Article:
Ask the Horizons Team: Homework Battle


Ask the Horizons Team: Homework Battle


My 9-year-old son has a really difficult time with homework and it becomes a battle every night.  I feel like from the minute he gets off the bus we are trying to tackle getting it all done, and it’s making me crazy.  Do you have any suggestions of how to make this better for both of us?

Shelley in West Virginia


Hi Shelley,

Ah yes, homework can be a major issue for families and you are far from the only parent to feel like it’s making you crazy! Homework can an issue for any child, but especially children with ADHD, autism, or another learning disorder.  I’ve got a few tips that should make things easier for you and your son:

  1. Make sure your son has some downtime after arriving home from school.  I know it can be tempting to try to get the homework stuff done right away, but it’s a lot to ask of any child who has just spent 7 hours at school.  The majority of kids need at least 30 minutes (often longer) to decompress after a day of sitting and focusing in the school environment.  Give him an opportunity to have a little snack, get some physical activity, sit and relax, or whatever is helpful for him.  This should help him recharge his batteries a bit before tackling the assignments.
  2. Work with the school to ensure that homework is appropriate in content and length.  I am a firm believer that kids should not be spending hours on homework each night.  It is detrimental to their engagement in family life, and doesn’t do anything to improve their learning.  I could write an entire essay about why homework is not very productive, but I won’t get into that here!  The bottom line is that your son shouldn’t need to spend more than 20 minutes to get the assignments done.  If the amount of work coming home is taking longer than that, talk with his teacher(s) about reducing the assignments to a more reasonable level.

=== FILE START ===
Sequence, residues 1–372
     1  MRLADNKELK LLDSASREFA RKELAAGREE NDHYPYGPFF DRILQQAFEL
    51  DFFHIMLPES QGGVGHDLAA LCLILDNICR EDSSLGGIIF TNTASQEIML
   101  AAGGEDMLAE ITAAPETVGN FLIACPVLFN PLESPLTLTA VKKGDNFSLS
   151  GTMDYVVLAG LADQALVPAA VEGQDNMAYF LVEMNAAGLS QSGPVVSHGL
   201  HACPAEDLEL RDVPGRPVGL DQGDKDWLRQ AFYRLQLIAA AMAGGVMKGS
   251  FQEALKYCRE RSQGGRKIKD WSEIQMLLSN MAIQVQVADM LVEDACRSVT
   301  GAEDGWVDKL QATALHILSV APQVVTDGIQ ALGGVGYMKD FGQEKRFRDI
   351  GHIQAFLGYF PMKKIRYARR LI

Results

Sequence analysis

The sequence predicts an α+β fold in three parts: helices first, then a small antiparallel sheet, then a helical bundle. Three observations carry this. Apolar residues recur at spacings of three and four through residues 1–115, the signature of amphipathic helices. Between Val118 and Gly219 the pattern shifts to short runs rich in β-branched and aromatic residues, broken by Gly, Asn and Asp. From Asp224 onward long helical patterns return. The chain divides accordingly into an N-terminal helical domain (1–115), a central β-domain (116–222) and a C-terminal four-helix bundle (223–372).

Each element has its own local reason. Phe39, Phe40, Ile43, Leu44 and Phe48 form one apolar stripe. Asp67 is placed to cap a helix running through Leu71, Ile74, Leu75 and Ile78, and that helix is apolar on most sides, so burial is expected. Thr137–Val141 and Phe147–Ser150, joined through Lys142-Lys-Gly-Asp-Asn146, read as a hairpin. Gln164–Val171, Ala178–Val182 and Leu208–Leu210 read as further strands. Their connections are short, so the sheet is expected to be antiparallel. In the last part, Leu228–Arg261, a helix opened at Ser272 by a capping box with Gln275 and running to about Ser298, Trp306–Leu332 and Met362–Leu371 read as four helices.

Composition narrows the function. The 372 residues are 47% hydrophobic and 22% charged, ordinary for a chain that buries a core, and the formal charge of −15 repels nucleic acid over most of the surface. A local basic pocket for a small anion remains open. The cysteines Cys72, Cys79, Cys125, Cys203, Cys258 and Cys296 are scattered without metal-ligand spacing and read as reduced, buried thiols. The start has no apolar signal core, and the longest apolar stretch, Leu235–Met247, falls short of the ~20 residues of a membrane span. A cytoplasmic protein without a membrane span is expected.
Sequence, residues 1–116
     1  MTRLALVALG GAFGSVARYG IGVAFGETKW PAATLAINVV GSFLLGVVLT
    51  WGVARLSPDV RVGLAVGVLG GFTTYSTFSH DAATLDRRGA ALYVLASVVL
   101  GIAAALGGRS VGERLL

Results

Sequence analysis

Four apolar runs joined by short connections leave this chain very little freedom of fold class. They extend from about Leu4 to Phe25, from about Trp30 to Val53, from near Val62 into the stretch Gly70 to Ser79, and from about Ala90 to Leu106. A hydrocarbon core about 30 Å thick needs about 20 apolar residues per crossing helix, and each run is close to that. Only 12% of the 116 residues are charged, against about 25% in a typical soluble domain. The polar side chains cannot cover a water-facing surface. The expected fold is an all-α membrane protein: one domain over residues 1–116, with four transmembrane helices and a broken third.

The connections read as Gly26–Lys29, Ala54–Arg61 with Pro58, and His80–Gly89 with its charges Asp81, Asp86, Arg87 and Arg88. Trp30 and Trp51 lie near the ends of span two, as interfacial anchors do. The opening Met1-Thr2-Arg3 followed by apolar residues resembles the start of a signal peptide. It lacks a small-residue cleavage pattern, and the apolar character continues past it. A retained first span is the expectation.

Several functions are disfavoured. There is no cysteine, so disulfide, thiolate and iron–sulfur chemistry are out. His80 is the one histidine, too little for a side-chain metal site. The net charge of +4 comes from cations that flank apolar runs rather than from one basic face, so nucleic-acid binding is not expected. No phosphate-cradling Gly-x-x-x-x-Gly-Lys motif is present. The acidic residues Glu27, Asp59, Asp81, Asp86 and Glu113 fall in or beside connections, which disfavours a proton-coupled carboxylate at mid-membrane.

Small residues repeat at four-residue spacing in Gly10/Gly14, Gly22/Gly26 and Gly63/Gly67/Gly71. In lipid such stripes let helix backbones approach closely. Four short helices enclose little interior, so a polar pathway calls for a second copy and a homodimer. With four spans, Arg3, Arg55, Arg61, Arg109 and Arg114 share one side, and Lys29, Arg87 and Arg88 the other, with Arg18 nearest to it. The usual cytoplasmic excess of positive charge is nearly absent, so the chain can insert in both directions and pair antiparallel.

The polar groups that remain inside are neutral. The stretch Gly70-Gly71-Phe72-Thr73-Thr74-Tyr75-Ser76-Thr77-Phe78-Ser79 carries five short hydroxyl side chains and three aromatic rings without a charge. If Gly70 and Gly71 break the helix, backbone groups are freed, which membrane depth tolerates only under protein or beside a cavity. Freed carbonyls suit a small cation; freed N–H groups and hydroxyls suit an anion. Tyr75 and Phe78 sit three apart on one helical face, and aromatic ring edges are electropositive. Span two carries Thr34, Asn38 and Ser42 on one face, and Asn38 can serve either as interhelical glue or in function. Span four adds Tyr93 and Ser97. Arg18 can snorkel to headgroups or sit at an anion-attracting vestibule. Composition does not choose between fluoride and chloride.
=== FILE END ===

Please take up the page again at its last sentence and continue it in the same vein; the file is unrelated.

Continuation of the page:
3. Provide a motivator for your son to finish his homework.  You likely know what is motivating for him, but things like spending 1-1 time with you, watching a little television, playing a game, etc. can be incentives for sitting down and getting the assignments finished.
  4. As with everything, it is important for you to stay calm during the homework process.  Try to avoid getting into arguments or threatening.  Quietly and firmly remind him about what needs to be done and stay with him until it’s finished.  The more you can stay emotionally regulated the easier it will be for him!

Wishing you happier homework times,


  • robin
    March 12, 2012

    Nicole has the right ideas. Bus rides home can be very overwhelming/stimulating for students and make it difficult to settle down following. Tell me more about your son and school. Does he get work done in an age appropriate time frame during the school day? Does he do his work independently at school or need guidance from the teachers? Breaking homework into 5-8 min chunks may be better than 20-30 minutes at a time. Work with the teacher and even cut up homework pages and do one section at time. Sometimes a high school student can help out and take the emotion out of homework time for you.

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